With respect to Salad Farm, the declaration of its president, Lex A. Camany, and the supporting documentation satisfies the Court that Defendants owe Salad Farm the principal amount of $18, 843.32. Camany Decl. ¶¶ 6, 12 & Ex. 1. Salad Farm's invoices to Defendants imposed interest on late payments at the rate of 18% per year. See Botta Decl. ¶ 16 & Ex. 1. Contractually imposed interest and attorney fees are properly recoverable as sums owing in connection with PACA transactions. Middle Mountain, 307 F.3d at 122-23; Country Best v. Christopher Ranch, LLC, 361 F.3d 629, 630 (11th Cir. 2004); Food Team Int'l, Ltd. v. Unilink, LLC, 827 F.Supp.2d 405, 419 (E.D. Pa. 2012). Salad Farm has submitted an amortization schedule reflecting that interest at 18% per year from the date payment was due until April 23, 2015 amounts to $3, 969.66 and that additional interest accrues through the date of this judgment at the rate of $9.30 per day. Botta Decl. ¶ 16 & Ex. 2. Salad Farm's invoices also required Defendants to pay it legal fees and costs incurred in this action. Salad Farm has submitted the declaration of Bart M. Botta and supporting legal invoices documenting its claim that it is entitled to $6, 247.87 in legal fees and costs.[4] The Court has reviewed those documents and finds the amount claimed to be substantiated and the fees charged to be reasonable. Accordingly, the Court will award legal fees and costs to Salad Farm in that amount.

Both Spring Valley and Salad Farm seek postjudgment interest. Spring Valley seeks such interest at the same rate as it seeks prejudgment interest: the 6% Pennsylvania statutory rate for contracts. Mot. at 11. Salad Farm seeks postjudgment interest at the rate specified in its invoices: 18% per year. Id. While the Court will award postjudgment interest, it will not do so at the requested rates. That is because the availability of postjudgment interest in an action arising under a federal statute is governed by federal law, Poleto, 826 F.2d at 1274, and postjudgment interest is statutorily mandated for all federal judgments at the rate set forth in 28 U.C.C. § 1961. To be sure, there is some question as to whether parties can contractually agree to a different rate. The Third Circuit has yet to rule on the issue. Other circuit courts, however, have held that parties may specify a different rate in a contract for postjudgment interest through "clear, unambiguous and unequivocal'" language. Jack Henry & Assocs. v. BSC, Inc., 487 F.Appx. 246, 259-60 (6th Cir. 2012) (quoting FCS Advisors, Inc. v. Fair Fin. Co., 605 F.3d 144, 148 (2d Cir. 2010)); Kanawha-Gauley Cola & Coke Co. v. Pittston Min. Grp., Inc., 501 F.Appx. 247, 255 (4th Cir. 2012); In re Riebesell, 586 F.3d 782, 794-95 (10th Cir. 2009). However, even assuming that the parties may contract for their own postjudgment interest rate, a contract term, like the one stated in Salad Farm's invoices, which merely states a rate of interest to be applied to late payments is insufficient to meet that standard. TIG Ins. Co. v. Tyco Int'l, Inc., 919 F.Supp.2d 439, 476 (M.D. Pa. 2013) (contract must explicitly refer to postjudgment interest or statutory rate applies). Therefore, Salad Farm is entitled to postjudgment interest at the statutory rate rather than the 18% it requests. Spring Valley's invoices do not specify any rate of interest and so it, too, is entitled only to the statutory rate of postjudgment interest. Accordingly, both Salad Farm and Spring Valley shall be entitled to postjudgment interest on the entire amount of the judgment, "interest to be calculated from the date of entry of the judgment at a rate equal to the weekly average 1-year constant maturity Treasury yield, as published by the Board of Governors of the Federal Reserve System, for the calendar year preceding." 28 U.S.C. § 1961(a).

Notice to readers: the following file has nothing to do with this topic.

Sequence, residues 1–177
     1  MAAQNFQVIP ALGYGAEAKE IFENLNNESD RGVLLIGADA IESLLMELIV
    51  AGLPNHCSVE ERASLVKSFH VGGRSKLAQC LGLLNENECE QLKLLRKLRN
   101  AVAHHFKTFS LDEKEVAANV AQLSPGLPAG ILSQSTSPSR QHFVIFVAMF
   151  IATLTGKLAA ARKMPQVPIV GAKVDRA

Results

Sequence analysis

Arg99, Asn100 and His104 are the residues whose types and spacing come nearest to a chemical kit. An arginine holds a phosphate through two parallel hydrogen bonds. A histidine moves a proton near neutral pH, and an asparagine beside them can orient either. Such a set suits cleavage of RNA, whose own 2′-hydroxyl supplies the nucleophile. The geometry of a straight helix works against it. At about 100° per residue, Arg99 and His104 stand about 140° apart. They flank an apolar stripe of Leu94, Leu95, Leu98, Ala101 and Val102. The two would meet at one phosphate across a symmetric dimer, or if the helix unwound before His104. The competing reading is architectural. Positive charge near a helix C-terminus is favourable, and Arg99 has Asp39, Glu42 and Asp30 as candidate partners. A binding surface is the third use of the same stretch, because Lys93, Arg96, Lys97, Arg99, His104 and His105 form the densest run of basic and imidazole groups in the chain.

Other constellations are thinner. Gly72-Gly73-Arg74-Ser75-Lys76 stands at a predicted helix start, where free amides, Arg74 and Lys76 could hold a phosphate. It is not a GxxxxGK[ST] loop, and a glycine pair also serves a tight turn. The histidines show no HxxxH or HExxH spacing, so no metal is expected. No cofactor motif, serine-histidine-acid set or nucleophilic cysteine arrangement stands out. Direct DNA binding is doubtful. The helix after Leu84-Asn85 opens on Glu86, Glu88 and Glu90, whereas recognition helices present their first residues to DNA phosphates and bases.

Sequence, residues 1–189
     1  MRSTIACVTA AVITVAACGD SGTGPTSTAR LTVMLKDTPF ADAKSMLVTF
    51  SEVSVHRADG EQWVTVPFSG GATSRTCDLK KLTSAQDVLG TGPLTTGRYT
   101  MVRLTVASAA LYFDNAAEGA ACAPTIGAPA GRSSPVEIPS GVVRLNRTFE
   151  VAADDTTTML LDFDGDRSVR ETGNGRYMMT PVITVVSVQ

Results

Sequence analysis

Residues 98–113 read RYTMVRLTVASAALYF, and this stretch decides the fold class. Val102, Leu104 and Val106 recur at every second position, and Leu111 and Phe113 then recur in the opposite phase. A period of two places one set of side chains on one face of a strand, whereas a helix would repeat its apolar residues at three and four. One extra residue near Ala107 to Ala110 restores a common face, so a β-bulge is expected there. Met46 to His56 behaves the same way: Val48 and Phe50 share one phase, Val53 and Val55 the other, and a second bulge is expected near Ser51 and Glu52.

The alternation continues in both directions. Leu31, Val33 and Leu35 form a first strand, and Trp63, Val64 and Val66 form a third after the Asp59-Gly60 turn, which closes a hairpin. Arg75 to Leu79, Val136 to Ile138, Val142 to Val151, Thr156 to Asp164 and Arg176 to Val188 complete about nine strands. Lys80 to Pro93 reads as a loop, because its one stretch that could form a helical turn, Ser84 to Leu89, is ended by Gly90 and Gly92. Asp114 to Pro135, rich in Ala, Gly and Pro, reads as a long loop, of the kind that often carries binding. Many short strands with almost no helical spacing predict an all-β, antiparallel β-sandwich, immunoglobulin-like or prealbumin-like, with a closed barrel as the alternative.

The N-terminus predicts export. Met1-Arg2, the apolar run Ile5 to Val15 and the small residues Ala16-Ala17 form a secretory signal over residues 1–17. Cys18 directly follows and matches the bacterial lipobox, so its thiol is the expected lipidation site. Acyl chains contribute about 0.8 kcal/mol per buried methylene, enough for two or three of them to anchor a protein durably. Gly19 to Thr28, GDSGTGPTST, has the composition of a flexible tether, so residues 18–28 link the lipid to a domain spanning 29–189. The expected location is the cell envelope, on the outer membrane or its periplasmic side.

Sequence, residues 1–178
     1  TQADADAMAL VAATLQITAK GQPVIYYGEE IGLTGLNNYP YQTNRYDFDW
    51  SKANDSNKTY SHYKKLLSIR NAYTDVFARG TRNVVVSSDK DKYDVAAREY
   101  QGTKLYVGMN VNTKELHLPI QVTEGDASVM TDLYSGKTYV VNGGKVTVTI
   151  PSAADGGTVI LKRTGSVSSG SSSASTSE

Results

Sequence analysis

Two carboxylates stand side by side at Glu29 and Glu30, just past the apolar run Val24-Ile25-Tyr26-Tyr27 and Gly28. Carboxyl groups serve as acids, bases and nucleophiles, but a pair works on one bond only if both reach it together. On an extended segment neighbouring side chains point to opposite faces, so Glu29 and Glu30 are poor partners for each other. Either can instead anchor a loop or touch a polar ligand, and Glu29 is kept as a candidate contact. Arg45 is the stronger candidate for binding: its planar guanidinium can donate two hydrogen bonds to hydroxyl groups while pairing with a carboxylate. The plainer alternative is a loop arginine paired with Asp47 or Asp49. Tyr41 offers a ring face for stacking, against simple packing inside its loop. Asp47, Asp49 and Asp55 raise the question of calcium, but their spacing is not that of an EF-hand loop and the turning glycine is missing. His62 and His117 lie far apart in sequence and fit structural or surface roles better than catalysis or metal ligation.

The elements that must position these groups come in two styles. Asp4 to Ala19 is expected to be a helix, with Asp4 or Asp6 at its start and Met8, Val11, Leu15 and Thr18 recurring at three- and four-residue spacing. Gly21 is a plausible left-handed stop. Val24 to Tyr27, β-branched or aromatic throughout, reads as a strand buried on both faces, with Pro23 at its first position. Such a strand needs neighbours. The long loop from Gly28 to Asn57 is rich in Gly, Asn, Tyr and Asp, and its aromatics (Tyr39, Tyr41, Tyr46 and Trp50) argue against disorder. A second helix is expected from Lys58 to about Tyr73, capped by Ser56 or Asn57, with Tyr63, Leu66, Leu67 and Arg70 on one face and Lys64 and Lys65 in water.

An appropriate Order follows.